Shortly before her death in 2011, I asked my mom, Shirley London, what her favorite childhood memory was. She didn’t even hesitate. She told me it was getting to ride in a 1926 Ford Tri-motor plane when she was a little girl during the Depression.

The day my mother died, coincidentally, and I believe, magically, there was a picture of her on the front page of The Republic, looking down on Columbus from the window of a 1926 Ford Tri-motor plane. Harry had written the article, and I had taken it as a sign that she would always be watching over us from above.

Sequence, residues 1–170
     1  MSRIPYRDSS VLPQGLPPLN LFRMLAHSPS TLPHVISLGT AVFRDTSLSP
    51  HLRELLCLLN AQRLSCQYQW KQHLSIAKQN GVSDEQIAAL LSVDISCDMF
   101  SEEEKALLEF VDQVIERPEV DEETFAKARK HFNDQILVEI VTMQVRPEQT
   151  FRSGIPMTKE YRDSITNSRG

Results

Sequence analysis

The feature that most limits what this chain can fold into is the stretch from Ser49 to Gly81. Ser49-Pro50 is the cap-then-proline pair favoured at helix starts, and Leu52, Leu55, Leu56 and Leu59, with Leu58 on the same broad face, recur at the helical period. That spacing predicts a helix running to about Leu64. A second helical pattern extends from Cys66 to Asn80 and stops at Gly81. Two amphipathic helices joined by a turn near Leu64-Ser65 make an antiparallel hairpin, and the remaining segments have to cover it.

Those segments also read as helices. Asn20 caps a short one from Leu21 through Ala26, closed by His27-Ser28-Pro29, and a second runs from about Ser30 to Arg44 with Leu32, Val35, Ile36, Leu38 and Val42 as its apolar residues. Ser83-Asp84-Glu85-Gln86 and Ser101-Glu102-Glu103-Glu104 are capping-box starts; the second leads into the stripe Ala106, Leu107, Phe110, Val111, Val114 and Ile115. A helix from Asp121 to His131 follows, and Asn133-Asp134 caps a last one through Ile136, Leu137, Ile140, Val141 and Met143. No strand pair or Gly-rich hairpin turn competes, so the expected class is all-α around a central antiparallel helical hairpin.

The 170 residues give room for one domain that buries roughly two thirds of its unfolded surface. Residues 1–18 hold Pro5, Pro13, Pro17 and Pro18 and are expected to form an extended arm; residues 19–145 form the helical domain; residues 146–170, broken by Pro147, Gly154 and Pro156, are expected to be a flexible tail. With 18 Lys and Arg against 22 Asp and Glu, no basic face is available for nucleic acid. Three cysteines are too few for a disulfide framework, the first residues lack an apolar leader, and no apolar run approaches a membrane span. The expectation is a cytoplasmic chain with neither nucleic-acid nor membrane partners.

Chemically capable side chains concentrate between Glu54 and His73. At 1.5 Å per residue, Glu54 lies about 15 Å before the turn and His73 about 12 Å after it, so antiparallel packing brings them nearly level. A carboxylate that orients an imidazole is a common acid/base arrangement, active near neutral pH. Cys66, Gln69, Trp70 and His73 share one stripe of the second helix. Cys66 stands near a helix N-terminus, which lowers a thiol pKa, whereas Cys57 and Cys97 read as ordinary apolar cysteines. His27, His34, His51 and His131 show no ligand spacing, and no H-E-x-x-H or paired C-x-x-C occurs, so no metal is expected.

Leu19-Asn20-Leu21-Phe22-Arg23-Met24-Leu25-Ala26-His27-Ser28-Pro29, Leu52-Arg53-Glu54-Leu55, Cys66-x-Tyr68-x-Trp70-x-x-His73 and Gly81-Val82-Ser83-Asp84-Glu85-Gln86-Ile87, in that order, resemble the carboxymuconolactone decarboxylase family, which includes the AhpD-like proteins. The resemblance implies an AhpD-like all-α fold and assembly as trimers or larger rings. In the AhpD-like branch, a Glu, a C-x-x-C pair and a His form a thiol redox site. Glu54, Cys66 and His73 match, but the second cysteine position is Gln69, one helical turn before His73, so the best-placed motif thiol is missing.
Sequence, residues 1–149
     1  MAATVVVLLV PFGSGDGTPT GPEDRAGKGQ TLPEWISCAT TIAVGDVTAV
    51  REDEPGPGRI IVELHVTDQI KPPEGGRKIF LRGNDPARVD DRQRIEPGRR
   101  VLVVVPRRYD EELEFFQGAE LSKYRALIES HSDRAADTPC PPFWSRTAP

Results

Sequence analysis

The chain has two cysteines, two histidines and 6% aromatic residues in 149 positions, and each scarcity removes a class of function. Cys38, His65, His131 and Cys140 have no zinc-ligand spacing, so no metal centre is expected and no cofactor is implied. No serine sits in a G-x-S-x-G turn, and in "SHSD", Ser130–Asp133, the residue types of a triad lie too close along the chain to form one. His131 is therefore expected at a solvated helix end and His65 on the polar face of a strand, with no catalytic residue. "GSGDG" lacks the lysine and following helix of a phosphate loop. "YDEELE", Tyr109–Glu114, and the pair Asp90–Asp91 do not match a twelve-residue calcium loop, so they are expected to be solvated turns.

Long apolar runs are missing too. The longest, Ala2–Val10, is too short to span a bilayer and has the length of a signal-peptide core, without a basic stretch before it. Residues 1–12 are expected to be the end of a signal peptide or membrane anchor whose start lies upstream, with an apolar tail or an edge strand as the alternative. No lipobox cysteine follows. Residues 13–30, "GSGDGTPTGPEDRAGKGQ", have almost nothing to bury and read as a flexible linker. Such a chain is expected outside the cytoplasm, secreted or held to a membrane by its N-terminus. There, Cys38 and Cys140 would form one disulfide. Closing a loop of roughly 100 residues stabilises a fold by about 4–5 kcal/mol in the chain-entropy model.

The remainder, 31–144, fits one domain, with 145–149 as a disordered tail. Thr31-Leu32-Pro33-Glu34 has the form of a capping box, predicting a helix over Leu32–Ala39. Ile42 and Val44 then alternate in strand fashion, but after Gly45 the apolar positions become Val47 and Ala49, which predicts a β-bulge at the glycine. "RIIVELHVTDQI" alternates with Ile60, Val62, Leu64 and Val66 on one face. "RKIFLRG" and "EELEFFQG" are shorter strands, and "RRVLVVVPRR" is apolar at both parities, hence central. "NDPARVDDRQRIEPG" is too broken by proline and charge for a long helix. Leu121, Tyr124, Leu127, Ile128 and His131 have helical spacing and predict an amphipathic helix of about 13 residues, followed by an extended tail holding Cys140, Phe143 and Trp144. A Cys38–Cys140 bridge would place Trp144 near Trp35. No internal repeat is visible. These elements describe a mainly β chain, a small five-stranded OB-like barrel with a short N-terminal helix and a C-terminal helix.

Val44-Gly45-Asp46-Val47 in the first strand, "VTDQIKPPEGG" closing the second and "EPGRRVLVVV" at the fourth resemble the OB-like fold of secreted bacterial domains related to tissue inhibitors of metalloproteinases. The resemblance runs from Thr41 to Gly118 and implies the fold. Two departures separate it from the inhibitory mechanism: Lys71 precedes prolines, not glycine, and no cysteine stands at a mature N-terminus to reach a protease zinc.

I called Harry immediately and told him that I read his article to my mom while she lay in hospice. I don’t know if she heard me, but I know she died surrounded by the family she loved, and the memories she cherished. Later that week, with permission, he shared that story too. That’s the thing about Harry. He didn’t care if you owned the plane, or if you scrounged up $1 to take a ride in it. He just lived to tell your story.

Rest in peace, Harry. I’d print a few yard signs in your honor, but I know you’d hate that.

– Tony London, Columbus